Mar 4, 2016 at 16:09
  • @enderland So that would lean towards my first option? Ensure that the object which is consuming the data is receiving the correct data? I don't want tests of MovementSystem to depend on the logic in MoveAI so storing the inputs in a mock object then analyzing would probably be the simplest way to handle that. Mar 4, 2016 at 16:12
  • @RobertHarvey So I have been trying to use TDD but maybe I am rearranging steps. For this project I designed what my Systems would be (there are half a dozen or so) and in what order their update methods would be called. Then I stubbed in tests for MovementSystem, naming them based on the functionality it would have. Then I implemented the first test, then implemented the logic in MovementSystem for it to pass, then moved on to the next test. Perhaps that is where I messed up. When I made the first test pass, I implemented all of the generateMap logic which wasn't truly needed Mar 4, 2016 at 16:17

1 Answer 1


First, your option 2 is not so bad is it might look to you. Having two separate, decoupled components A and B with a data flow from A -> B through a public interface allows you to test them each individually, or to "plug" some kind of monitor component M between them "A->M->B" for testing or logging purposes.

However, if you really dislike that approach, you could instead add such a (optional) monitor object to your class, only for testing purposes, which can be injected from outside. The monitor provides a method which gets the input of getMove and returns this immediately, and you use it like this:


Make the default implementation of the monitor a trivial one which just passes the input through. For testing purposes, you add a "real" monitor which caches the input of getMove. That way, you can keep that functionality out of your MoveAIComponent mock.

For complex classes, it is a well known, clean technique to provide "maintenance hatches" for testing purposes. The monitor object is an example for this. Don't be afraid of using this technique because it will mean to make few changes to your class to make it more testable.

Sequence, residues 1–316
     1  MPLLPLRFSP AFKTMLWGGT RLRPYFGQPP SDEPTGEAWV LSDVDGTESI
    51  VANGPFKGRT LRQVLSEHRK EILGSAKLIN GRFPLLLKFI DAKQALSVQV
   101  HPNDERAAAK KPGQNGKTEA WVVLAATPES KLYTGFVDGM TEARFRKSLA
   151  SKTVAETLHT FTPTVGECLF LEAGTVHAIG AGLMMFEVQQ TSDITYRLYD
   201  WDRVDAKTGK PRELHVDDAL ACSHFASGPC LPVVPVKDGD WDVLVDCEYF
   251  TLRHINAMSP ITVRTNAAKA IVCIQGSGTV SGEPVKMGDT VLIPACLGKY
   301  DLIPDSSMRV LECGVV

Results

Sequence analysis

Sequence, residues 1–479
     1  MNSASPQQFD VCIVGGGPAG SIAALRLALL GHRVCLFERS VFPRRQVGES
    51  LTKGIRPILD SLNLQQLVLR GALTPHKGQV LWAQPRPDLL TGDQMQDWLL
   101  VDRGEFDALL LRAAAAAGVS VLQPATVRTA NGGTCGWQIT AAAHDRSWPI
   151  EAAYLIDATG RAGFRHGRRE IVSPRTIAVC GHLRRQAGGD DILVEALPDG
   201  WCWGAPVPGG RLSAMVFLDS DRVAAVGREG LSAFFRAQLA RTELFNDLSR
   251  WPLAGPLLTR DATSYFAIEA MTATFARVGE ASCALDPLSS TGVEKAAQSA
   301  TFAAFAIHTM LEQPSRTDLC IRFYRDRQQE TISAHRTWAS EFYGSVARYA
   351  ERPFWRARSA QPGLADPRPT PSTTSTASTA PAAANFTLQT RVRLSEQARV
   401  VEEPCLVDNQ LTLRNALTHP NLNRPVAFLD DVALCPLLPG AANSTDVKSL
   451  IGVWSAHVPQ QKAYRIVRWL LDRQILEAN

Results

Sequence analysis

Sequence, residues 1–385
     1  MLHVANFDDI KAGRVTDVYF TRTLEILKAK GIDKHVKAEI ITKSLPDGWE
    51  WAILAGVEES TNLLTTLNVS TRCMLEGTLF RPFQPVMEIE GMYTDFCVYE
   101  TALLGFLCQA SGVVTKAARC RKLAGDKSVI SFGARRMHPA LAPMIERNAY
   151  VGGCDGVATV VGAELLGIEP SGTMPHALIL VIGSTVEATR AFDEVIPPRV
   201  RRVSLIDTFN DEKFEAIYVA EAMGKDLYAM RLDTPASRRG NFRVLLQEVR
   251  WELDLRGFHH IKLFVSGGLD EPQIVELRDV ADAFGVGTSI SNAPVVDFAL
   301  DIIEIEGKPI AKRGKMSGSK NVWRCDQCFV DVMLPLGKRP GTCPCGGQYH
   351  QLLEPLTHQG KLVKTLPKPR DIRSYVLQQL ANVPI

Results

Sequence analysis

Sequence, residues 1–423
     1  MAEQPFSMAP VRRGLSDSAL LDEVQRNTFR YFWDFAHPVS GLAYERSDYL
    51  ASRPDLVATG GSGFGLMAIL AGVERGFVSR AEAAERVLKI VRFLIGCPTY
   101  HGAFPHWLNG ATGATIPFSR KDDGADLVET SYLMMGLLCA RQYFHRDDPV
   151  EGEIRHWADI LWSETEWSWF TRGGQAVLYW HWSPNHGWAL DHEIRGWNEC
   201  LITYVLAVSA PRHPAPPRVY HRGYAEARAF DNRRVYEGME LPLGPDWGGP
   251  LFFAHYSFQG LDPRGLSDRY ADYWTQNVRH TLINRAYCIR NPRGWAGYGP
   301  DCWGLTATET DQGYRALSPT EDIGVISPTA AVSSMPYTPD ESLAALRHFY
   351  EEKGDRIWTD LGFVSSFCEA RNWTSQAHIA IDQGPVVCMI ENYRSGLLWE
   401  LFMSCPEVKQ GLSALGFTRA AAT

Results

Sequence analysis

• I like this idea. Additionally, the monitor injection in the MoveSystem constructor could have a default parameter so it would be entirely invisible when constructing them in the production environment. And hopefully the compiler would completely get rid of the do-nothing pass through in that case as well (although the virtual call may not allow that). Mar 4, 2016 at 16:32
  • @GodricSeer: of course, that is indeed the kind of design I had in mind with my suggestion. Another design alternative is to give the monitor object a run-time switch to allow the activation / deactivation of "logging" also in production (if that is a requirement).
    – Doc Brown
    Mar 4, 2016 at 19:32
  • I have been thinking about this, and in a unit testing situation it isn't much different than idea 1 from my question (other than it simplifies all of my mock classes), but it has the added advantage of being equally useful for integration tests while also allowing debugging in the production environment if bugs appear if I use a runtime switch rather than polymorphism to remove it. I won't accept this answer for a day or so in case it chases another answer off, but this is likely the way I will go. Mar 4, 2016 at 19:39